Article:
The Washington Sankofa room of Witherspoon was packed full of children and organizations as they energetically anticipated the start of Heritage Day Saturday. This day was meant to be a day of empowerment and celebration as children learned of their ancestry and how their ancestry relates to life today. It was also a day of honor, as everyone was encouraged to respect themselves, others and their past. Although the day was full of learning, the children never stopped having fun. They spent the day in 30 minute interval workshops where they engaged in many different activities that added to their knowledge and growth.

The workshops were each run by the different organizations that participated in Heritage Day which included; the girls track team, College of Humanities and Social Sciences-Multicultural Association for Students also known as CHASS-MAS, African Student Union (ASU), African American Design Student Association (AADSA), DanceVisions, Black Finesse, Commercial Break, African American Textile Society (AATS), National Pan-Hellenic Council (NPHC), and other volunteers. At the end of the day the children showed what they learned during the program in the segment “Showtime.” As the children bravely took the stage the whole audience was captivated by the talent, confidence and willingness the children embodied.

The first group to take the stage was the track group. The children in this group learned the importance of stretching before engaging in strenuous activities. They also learned how to properly execute a three point stance and a relay race was provided after the events of the day. Following this AADSA and AATS participants displayed their arts and crafts projects to the audience. This workshop provided the children with a new side to art that they may not have been aware of otherwise. “They were exposed to a culture where the value lies in the craft and in the nature. The beads [in the necklaces] show the value, unlike in the U.S. where the value lies in gold and diamonds,” said Brittany Davis a senior in Industrial Design.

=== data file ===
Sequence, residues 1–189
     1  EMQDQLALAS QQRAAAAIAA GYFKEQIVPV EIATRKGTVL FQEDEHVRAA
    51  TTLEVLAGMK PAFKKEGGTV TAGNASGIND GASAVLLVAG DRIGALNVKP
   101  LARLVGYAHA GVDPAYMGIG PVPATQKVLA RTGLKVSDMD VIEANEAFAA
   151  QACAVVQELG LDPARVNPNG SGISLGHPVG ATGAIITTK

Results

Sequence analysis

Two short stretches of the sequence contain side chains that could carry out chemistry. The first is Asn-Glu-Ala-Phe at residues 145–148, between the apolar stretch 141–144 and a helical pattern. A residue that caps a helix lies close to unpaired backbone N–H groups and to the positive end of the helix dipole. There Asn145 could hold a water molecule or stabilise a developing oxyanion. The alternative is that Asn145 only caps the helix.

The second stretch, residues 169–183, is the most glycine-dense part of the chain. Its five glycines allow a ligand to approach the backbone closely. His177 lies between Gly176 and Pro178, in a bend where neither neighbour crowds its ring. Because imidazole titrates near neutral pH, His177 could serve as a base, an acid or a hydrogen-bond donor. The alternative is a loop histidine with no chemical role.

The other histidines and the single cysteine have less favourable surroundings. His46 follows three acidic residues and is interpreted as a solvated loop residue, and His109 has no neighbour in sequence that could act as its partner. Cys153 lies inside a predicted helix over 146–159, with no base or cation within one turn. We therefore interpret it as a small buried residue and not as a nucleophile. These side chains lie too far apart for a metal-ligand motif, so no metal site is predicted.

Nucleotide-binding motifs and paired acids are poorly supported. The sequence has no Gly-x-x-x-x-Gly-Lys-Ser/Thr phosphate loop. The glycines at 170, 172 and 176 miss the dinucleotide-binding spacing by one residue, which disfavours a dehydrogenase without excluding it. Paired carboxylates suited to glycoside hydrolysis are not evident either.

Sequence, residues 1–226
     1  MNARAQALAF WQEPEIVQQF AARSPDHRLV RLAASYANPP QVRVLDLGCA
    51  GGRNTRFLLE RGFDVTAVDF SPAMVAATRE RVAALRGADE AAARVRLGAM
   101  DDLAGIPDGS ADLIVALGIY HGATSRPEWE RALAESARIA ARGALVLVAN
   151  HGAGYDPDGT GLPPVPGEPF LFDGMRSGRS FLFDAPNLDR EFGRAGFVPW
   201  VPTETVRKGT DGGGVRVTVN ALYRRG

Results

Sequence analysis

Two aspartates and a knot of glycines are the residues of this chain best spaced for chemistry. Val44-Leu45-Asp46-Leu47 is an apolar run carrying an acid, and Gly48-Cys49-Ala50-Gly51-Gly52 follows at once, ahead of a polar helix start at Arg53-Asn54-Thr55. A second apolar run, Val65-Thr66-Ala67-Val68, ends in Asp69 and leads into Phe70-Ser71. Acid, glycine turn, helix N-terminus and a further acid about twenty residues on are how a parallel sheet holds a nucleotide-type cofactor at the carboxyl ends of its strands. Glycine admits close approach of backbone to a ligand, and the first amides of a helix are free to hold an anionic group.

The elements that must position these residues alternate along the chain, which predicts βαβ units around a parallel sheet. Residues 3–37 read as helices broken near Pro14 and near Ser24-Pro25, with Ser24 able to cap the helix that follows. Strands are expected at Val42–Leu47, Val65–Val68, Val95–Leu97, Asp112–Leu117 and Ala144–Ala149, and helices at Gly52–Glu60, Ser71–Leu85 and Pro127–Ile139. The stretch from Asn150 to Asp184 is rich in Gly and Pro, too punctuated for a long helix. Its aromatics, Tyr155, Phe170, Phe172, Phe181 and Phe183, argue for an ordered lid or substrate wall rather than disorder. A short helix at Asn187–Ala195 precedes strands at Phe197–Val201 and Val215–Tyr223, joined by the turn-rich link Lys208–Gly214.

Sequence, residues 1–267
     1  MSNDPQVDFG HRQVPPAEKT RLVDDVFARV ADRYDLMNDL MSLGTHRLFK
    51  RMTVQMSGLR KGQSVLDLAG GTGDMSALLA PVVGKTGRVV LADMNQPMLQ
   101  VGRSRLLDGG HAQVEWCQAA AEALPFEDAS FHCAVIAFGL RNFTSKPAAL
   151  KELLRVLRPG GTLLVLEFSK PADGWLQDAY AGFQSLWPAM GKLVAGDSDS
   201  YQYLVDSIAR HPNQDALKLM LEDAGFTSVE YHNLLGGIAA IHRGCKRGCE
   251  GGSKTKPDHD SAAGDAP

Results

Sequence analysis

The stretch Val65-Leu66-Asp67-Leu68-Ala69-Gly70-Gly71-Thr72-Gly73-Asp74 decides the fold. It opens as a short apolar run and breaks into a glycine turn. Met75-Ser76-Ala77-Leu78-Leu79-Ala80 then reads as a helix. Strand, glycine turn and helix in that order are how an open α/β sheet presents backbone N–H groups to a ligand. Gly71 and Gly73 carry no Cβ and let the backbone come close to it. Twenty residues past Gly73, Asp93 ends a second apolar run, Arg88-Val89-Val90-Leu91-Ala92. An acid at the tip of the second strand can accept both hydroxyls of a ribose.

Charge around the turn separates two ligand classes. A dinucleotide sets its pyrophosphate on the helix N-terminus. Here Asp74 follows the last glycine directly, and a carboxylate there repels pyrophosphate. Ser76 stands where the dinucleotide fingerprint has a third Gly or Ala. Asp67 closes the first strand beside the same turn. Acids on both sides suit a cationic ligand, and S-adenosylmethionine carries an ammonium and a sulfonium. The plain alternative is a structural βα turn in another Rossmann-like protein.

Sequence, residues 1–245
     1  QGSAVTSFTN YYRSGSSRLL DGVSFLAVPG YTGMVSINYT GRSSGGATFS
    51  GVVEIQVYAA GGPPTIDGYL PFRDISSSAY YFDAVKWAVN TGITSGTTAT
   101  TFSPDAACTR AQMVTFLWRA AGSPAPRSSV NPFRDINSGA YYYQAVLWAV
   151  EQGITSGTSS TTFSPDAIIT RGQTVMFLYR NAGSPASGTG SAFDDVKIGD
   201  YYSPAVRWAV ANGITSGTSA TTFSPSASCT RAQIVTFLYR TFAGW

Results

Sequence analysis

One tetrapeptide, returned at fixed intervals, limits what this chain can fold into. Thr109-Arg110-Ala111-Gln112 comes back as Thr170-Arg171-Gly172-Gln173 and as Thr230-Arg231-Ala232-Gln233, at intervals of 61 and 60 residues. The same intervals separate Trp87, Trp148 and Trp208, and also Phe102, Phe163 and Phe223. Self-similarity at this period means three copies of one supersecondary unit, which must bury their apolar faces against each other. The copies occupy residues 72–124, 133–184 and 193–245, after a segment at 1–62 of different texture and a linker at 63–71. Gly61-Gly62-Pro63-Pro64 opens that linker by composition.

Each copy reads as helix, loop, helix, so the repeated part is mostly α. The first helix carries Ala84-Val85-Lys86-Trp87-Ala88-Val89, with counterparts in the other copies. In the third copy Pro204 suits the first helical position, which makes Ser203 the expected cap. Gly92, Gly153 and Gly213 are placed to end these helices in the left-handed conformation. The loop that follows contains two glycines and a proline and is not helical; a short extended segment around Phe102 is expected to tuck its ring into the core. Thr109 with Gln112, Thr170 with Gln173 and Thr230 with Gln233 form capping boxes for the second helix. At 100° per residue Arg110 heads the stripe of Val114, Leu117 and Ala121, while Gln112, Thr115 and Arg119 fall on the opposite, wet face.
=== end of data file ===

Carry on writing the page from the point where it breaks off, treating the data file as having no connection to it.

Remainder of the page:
After their presentation Black Finesse, DanceVisions, Commercial Break, ASU and NPHC participants walked the cat walk and performed the new dances and steps they learned for the rest of the audience. Lastly, Toni Thorpe, CHASS-MAS, and some of the student participants shared the story of Sankofa. The Sankofa story reiterated the message of the day, “remember who you are and do not let anyone else define you.”
When asked how she felt about the story, senior Iwinosa Idahor who majors in middle grades education said, “They took a kid, friendly approach to tell a very important message. It was very effective. The children enjoyed it and understood the gist of it.”

At the end of the day, the room was filled with smiles and a sense of pride. One of the students, Chris Hodge an attendee of Daniels Middle School said he enjoyed himself and “learned new steps and how to be together in unity.” Not only did the students enjoy themselves, but so did the volunteers. “It was great to work with the kids and see how excited they were. I think all the kids enjoyed themselves and I enjoyed working with them,” said Charisse James, a senior double majoring in psychology and sociology. It seems like Heritage Day was a great success for all of the participants and everyone left feeling uplifted in some kind of way.